I was parked at a stoplight, lost in a song from my iPod playing through my car stereo. As I belted out the words at the top of my lungs, I glanced at the car next to me where the driver was staring at me, mouth agape. I sheepishly waved and we both started laughing.
I don't think I need to be defensive about not having MPR's Gary Eichten or Kerri Miller emanating from my radio at all times. In fact, I have learned many a financial planning lesson from my MP3's play list.
In the song, "Gotta Be Somebody,'' Nickelback accurately portrays many of our moods, singing: "Everyone wants to know they're not alone. There's somebody else that feels the same somewhere."
The fact that this economy is generally hitting all of us is comforting (in a disquieting way). Shared pain should cohere us, after what seems like many years of such broad economic separation. If we have not been directly affected through job loss, income reduction or portfolio drops, we certainly can better relate to those who are experiencing some or all of these things.
These times have helped us to determine what it is that we really need and what it is that matters most. Grand plans may have changed somewhat. India Arte, in "There's Hope,'' says: "Back when I had a little, I thought that I needed a lot. A little was overrated, but a lot was a little too complicated."
Ironically, many people fought hard to achieve the American dream, only to feel a need to simplify once they reached it. The fact is, not having enough and having too much can be two sides of the same coin. Most of the happiness studies have shown that once we are above a certain level of income, our marginal happiness does not increase equally to the increase in our incomes.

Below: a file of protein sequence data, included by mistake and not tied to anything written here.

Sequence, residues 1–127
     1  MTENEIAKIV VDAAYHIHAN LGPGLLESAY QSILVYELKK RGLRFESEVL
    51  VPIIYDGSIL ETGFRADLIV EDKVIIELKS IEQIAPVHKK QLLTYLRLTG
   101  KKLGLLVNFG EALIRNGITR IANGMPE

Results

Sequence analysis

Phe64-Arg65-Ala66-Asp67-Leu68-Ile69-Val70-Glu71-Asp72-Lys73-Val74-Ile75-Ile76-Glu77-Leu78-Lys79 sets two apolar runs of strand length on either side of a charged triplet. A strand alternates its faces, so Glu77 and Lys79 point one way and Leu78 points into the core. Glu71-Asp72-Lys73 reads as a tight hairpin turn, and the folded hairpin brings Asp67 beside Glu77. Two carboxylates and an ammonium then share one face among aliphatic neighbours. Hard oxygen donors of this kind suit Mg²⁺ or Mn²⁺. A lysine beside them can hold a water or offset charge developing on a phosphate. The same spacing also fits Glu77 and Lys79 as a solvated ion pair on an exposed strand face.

But we keep on plugging away, not really thinking about why we are doing what we are doing. For example, we always heard about all the benefits of home ownership, but many people now feel imprisoned by owning devalued property. They don't think that they can look for a new job in a new area because they are underwater on their mortgage.
Not examining alternatives more completely before making choices or acting impulsively can leave us "dug in deep, [because] the price is steep," according to REM in "Bad Day.'' Many little decisions can lead to a big, trapped life.
We have to consciously determine which decisions really matter and which ones we can simply let go of, especially during times like these.
As we struggle to regain control of a complicated world, we should be thinking about the things that we don't need to control or can't control. Desire for certainty in an uncertain environment will lead to very flawed decisions. Take charge in those areas where it makes sense to do so. Spending in accordance with your values is one such area. With other areas, "surrender, but don't give yourself away," as Cheap Trick so artfully put it in "Surrender."
Most importantly, don't let the money stuff get in the way of the other facets of your life that truly matter. Second-guessing yourself or your partner is common when you are under duress. When things are going wrong in one area, we often feel as if things are going wrong in all areas. In "Living on a Prayer,'' Bon Jovi sings: "We've got to hold on to what we've got, 'cause it doesn't make a difference if we make it or not. We've got each other and that's a lot."
Money decisions can have good or bad results, but almost all of us can deal with those results. Turning toward each other rather than on each other is the best thing you can do to move forward. Cast aside the blame and work on your action plan.
The days will pass whether or not we try to influence what they look like. As you review your life, or if "the whistling ways of [your] younger days, too quickly have faded on by," as Bill Staines sings in "River,'' remember that our tomorrows are built on hundreds of todays. Allow yourself the grace of living every one of them.
If you do that, then you can take to heart the words of Peter Mayer in "Holy Now'': "The challenging thing becomes, not to look for miracles, but finding where there isn't one."
Spend your life wisely.
Ross Levin is the founding principal of Accredited Investors Inc. in Edina. He is a certified financial planner and author of "The Wealth Management Index." His Gains & Losses column appears on the fourth and fifth Sundays of the month. His e-mail is firstname.lastname@example.org.